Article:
Provided that the cash is earmarked for investment and not required for short term liquidity, our advice to clients is that other asset classes should be considered. Recent analysis conducted by Barclays Capital suggests that the longer you hold cash the more likely you are to underperform equities. The study concludes there is only a 34 per cent chance of cash outperforming equities over two years and this drops to 25 per cent after five years. In short, cash is useful as a tool for tactical asset allocation during short term bouts of volatility but a broader exposure to different asset classes might be considered.
Alternatives to cash
Whilst the world economic environment remains uncertain, what does one recommend as an alternative to cash? Most advisers would say that bond markets, primarily government bond markets, have traditionally been the asset class of choice for investors seeking a better return than cash but less risk than the equity market. US, UK, German and other government bonds have benefited from massive inflows over more than the last decade thanks to a perceived safe haven status.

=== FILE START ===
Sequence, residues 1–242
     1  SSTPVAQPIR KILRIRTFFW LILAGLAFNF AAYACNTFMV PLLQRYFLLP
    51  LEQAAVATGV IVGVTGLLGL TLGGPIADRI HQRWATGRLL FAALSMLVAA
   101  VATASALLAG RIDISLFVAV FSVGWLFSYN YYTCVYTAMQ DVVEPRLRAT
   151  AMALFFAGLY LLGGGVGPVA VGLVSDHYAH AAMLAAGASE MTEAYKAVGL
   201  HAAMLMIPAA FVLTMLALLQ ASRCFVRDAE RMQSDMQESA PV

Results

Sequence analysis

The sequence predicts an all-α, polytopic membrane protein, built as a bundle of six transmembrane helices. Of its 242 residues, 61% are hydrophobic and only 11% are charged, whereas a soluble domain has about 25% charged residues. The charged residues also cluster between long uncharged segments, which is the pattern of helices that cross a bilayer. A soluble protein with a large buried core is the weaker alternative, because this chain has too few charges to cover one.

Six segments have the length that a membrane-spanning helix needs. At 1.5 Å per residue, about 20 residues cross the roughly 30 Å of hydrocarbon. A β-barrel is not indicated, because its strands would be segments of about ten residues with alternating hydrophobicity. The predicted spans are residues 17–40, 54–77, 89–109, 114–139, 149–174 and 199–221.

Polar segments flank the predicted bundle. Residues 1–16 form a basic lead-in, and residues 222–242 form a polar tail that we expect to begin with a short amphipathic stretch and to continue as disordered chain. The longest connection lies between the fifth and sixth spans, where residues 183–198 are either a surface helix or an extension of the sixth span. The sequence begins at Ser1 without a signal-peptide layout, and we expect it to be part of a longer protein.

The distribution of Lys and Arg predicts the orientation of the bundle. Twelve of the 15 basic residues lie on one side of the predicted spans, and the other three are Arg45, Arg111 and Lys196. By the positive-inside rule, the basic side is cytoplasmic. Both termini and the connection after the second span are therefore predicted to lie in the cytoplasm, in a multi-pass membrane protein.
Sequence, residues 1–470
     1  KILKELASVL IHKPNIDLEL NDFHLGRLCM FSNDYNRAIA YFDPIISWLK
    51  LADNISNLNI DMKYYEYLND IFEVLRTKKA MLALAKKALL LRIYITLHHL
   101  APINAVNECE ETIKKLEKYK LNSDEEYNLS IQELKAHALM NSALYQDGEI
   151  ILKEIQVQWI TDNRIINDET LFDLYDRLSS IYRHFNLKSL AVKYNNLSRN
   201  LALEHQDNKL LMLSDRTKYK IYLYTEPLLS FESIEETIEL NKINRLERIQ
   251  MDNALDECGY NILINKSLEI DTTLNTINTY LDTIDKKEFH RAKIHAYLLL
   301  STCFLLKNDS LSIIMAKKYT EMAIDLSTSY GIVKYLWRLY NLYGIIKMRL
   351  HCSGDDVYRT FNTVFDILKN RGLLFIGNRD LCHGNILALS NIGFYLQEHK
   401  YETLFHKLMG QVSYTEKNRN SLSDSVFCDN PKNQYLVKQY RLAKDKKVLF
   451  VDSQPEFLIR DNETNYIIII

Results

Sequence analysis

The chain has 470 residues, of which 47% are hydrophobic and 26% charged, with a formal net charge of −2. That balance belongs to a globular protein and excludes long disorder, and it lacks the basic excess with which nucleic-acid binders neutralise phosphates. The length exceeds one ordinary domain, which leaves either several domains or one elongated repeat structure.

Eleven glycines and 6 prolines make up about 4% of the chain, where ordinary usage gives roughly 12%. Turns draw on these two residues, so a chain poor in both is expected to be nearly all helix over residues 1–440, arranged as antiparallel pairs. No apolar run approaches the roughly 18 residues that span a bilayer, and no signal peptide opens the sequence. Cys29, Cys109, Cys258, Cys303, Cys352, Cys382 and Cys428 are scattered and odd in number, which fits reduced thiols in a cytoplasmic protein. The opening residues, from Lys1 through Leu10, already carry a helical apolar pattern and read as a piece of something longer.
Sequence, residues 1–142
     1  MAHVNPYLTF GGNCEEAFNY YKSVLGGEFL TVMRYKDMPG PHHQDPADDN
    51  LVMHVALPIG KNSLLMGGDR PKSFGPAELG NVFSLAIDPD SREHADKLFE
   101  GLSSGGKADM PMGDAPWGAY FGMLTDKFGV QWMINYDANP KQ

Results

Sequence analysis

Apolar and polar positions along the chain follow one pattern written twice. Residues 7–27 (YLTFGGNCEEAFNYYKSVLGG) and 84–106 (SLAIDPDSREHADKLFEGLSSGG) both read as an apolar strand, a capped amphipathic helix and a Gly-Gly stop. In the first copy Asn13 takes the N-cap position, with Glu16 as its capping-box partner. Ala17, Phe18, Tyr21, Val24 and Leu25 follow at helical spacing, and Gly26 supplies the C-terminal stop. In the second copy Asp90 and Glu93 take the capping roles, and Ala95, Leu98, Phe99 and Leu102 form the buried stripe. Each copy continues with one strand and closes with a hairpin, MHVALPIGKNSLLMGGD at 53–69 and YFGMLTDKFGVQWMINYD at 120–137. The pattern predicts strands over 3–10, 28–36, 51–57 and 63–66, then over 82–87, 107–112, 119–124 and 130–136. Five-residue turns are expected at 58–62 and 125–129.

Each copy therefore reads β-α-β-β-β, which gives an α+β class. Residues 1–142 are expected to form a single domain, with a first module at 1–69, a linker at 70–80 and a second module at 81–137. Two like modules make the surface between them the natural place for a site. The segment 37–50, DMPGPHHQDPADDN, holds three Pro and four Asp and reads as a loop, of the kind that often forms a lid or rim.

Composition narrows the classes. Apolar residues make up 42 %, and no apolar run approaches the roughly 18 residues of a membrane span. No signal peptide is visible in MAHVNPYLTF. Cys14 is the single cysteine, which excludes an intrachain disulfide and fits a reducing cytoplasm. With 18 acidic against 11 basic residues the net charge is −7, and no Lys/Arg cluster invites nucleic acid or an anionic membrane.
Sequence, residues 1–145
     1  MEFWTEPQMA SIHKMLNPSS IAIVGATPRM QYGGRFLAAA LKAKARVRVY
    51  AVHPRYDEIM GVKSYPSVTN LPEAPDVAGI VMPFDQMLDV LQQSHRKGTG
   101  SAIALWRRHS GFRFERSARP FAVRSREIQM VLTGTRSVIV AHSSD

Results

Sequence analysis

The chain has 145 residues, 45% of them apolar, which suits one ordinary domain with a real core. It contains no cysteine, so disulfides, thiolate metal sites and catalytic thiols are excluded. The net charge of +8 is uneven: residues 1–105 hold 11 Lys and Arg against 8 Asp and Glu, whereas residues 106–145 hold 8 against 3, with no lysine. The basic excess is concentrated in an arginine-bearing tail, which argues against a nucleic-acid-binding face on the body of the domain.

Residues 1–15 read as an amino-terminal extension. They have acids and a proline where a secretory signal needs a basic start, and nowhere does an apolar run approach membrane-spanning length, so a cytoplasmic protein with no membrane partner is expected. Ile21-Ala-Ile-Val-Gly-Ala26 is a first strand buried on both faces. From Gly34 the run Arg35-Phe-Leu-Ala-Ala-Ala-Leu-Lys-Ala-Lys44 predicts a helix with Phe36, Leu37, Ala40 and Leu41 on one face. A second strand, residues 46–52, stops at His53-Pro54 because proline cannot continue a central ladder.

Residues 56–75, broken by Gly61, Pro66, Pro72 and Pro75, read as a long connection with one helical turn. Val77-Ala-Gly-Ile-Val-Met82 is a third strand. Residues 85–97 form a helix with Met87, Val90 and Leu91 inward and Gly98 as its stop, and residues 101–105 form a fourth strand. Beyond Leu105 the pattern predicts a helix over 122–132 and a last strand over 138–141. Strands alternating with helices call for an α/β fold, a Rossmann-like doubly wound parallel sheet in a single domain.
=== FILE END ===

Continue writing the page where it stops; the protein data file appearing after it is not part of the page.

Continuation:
Latterly, this has been fuelled by the vast expansion of western government debt as successive quantitative easing programmes have been required to rescue the banking sector and reinvigorate the commercial loan market. The result has been a collapse in government bond yields to record lows as demand has driven prices ever higher.